History is our constant teacher, filled with critical lessons for us to internalize from the choices of our predecessors. History lets us see the steps we took forward into the “unknown future”, or if we are not thoughtful, the struggles that continue from the lessons we have not internalized.
Fifty years ago, in 1968 our country was involved in questionable military activities, with political leadership under close scrutiny, and the press was struggling to find its voice as a new media was being used to tell the story of world events. We were a nation filled with questions about economic striation, racial injustice, and gender inequality. It was a time of growing social activism, political upheaval, and violent change.
In the midst of this caldron of unrest, the Rev. Dr. Martin Luther King Jr. stood at his pulpit at Ebenezer Baptist Church in Atlanta on Christmas Eve, and shared with his congregation
his observations about what it would take for us as a country to move toward nothing less than the Christmas blessing of peace on earth, leaning into these epic challenges of history, Dr. King shared, “We must develop a world perspective, a vision for the entire planet.” “Yes,” he said, “as nations and individuals, we are interdependent.” Dr. King went on to state, “It really boils down to this: all life is interrelated.”
Sound familiar? In our School’s Philosophy, George and Annemarie Roeper wrote:
“All parts of the globe depend on each other economically, culturally, and emotionally. All this, if followed through logically, translates into the compelling need for cooperative action.
Yet most of our skills and beliefs are based on confrontation and competition. Most people function as though there were a hierarchy of human rights and human life-structures.”
The Roepers went on to write, “A philosophy which tries to develop the skills of cooperation and looks at this as the ultimate moral and realistic goal may be the only true approach that might keep the world from destruction.”
This spirit of cooperation, this understanding of the need to work in collaboration, this commitment to a moral imperative that recognizes our interrelated nature, is at the core of our School’s humanistic foundation. Both the Roepers and Dr. King understood that we can only construct a “more perfect union” by acknowledging the relational nature of all human beings. Your success, is my success; your pain is my pain.
As a recent New York Times article reminded us, in the last years of Dr. King’s life, his holistic vision led him to emphasize the connections between racism, militarism and economic injustice, and to see continuities across social movements. In a 1966 telegram
to the labor leader Cesar Chavez, he wrote, “our separate struggles are really one.”
Three weeks after his Christmas sermon, Dr. King visited the singer Joan Baez in jail, following her arrest after a sit-in at a draft induction center. Stopping to speak with Vietnam War protesters gathered outside, he told them, referring to civil rights and antiwar activism, “I see these two struggles as one struggle.”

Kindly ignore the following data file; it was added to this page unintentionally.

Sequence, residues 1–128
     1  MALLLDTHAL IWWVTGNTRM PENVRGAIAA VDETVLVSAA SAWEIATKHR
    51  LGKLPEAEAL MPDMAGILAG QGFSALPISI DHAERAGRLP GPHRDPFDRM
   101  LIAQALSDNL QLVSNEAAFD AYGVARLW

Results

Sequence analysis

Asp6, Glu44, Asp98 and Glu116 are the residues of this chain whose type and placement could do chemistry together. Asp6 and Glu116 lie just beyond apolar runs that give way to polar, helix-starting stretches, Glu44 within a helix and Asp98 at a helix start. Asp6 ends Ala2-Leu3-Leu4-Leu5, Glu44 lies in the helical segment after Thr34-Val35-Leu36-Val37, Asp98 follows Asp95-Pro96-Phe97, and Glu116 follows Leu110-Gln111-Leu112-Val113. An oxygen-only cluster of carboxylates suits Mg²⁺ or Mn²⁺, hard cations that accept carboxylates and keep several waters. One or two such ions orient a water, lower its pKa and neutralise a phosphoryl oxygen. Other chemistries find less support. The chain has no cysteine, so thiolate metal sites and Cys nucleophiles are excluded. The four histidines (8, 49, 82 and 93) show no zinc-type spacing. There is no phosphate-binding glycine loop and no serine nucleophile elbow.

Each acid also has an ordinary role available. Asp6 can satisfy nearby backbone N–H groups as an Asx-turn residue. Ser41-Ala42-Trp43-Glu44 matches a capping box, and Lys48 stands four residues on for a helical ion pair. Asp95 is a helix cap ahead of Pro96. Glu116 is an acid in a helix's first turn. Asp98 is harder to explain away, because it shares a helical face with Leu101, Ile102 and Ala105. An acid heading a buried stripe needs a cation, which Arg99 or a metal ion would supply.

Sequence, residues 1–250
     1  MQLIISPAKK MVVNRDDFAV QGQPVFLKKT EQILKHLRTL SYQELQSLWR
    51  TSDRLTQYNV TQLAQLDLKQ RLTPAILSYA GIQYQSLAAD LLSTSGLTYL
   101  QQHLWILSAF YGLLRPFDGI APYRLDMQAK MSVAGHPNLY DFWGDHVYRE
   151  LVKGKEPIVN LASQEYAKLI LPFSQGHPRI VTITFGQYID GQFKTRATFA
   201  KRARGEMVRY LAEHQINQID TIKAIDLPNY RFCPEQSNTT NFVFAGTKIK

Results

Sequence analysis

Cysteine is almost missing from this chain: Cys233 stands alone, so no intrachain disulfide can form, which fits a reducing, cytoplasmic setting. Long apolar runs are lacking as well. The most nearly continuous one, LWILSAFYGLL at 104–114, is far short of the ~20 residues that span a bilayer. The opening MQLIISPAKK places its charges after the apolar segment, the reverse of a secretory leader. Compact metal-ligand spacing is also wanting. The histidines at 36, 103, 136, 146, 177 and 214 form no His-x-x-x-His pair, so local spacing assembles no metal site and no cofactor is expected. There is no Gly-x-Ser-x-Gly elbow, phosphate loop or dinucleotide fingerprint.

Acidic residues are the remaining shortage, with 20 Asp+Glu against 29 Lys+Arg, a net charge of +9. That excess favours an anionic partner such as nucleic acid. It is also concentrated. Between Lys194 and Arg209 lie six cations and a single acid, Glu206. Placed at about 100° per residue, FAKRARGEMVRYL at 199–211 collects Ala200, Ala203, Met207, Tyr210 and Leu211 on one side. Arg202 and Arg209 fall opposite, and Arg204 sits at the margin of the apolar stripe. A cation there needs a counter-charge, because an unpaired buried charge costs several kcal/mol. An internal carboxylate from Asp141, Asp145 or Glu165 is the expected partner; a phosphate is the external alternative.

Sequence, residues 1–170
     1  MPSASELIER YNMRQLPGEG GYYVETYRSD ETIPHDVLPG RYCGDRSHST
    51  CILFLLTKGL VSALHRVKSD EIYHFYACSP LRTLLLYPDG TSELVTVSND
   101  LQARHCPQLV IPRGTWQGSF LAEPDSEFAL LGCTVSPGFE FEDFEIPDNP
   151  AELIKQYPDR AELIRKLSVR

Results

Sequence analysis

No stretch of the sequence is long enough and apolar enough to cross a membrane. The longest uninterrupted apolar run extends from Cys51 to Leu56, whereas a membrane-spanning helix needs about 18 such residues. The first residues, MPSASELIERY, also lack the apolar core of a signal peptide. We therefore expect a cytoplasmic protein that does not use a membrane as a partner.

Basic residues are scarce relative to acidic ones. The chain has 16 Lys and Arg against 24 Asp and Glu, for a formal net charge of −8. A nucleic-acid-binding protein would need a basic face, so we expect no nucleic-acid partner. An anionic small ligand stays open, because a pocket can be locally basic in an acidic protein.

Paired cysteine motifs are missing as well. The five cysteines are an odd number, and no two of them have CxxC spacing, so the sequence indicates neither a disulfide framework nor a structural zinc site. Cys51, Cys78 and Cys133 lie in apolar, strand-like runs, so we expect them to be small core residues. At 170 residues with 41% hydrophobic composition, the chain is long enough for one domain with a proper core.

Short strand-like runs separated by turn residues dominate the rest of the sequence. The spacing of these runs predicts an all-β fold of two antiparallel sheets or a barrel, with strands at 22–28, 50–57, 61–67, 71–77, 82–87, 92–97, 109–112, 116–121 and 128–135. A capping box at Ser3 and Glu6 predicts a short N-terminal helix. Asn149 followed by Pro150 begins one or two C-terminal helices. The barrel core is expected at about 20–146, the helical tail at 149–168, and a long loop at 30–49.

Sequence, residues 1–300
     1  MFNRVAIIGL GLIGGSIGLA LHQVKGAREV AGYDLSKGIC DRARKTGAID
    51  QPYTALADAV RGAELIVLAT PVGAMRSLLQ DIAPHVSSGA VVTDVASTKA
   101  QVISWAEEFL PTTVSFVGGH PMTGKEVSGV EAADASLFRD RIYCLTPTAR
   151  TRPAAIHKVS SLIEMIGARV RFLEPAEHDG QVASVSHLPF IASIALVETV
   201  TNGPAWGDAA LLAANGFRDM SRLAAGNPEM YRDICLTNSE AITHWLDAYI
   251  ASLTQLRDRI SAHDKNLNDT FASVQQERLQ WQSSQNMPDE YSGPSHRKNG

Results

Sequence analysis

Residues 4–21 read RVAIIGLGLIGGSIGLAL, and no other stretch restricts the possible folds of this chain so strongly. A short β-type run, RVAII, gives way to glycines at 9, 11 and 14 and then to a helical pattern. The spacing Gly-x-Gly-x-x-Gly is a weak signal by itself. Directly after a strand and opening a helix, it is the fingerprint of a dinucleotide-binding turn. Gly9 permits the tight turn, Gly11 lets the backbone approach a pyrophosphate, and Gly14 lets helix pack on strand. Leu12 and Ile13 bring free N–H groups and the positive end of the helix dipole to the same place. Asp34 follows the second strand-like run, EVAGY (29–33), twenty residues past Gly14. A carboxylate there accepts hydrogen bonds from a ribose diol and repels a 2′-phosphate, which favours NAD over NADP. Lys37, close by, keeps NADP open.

For Dr. King, the civil rights movement was part of a larger “revolution of values” that was, “forcing America to face all its interrelated flaws.” He told his congregants, “that racism, militarism and excessive materialism are “inseparable triplets.” As he put it, what we need is nothing less than “a restructuring of the very architecture of American society.”
Dr. King reminded his congregation that, “We are all caught in an inescapable network of mutuality tied into a single garment of destiny. Whatever affects one directly affects all indirectly. We are made to live together because of the interrelated structure of reality.”
Dr. King had been thinking about the environment for years before he addressed it in his sermon. Starting in the 1950s, Dr. King expressed concern for “the survival of the world,” and linked environmental and civil rights issues: “It is very nice to drink milk at an unsegregated lunch counter — but not when there’s strontium 90 in it.”
We come together tonight fifty years after his violent death, filled with different forms of media stories defining our failure as a people to understand our interconnectedness. White supremacists, and neo-Nazis, emboldened in these times, preach an old worn hatred that seeks to splinter our community. Corporate capitalism, with its widening gulf between the ultra-rich and the millions of people living in poverty, strains our social fabric. Decency and moral guidance in the highest level of political leadership leave us feeling wanting for unity, healing, and understanding.
“As we continue to hope for peace on earth, let us know that in the process we have a cosmic companionship. This is our faith,” Dr. King told his church on that Christmas Eve.
That is what tonight is about – it is a reminder of our cosmic companionship, our interconnectedness to all the peoples of the world. That above all else, we have the responsibility to continue to seek ways to nurture, preserve, and build connection.
Interdependence is not an idealized state that we are aspiring to reach. Whether we choose to find comfort or worry in this label, we are interdependent. The question we must ask is what impact do we want to have on each other?
Tonight, we have come together with good intention and a profound sense of hope to find inspiration in Dr. King’s ideas and teachings. Tomorrow, the responsibility for contributing to a just community will rest with each of us. As we march into the unknown future, let us remember that we are interdependent.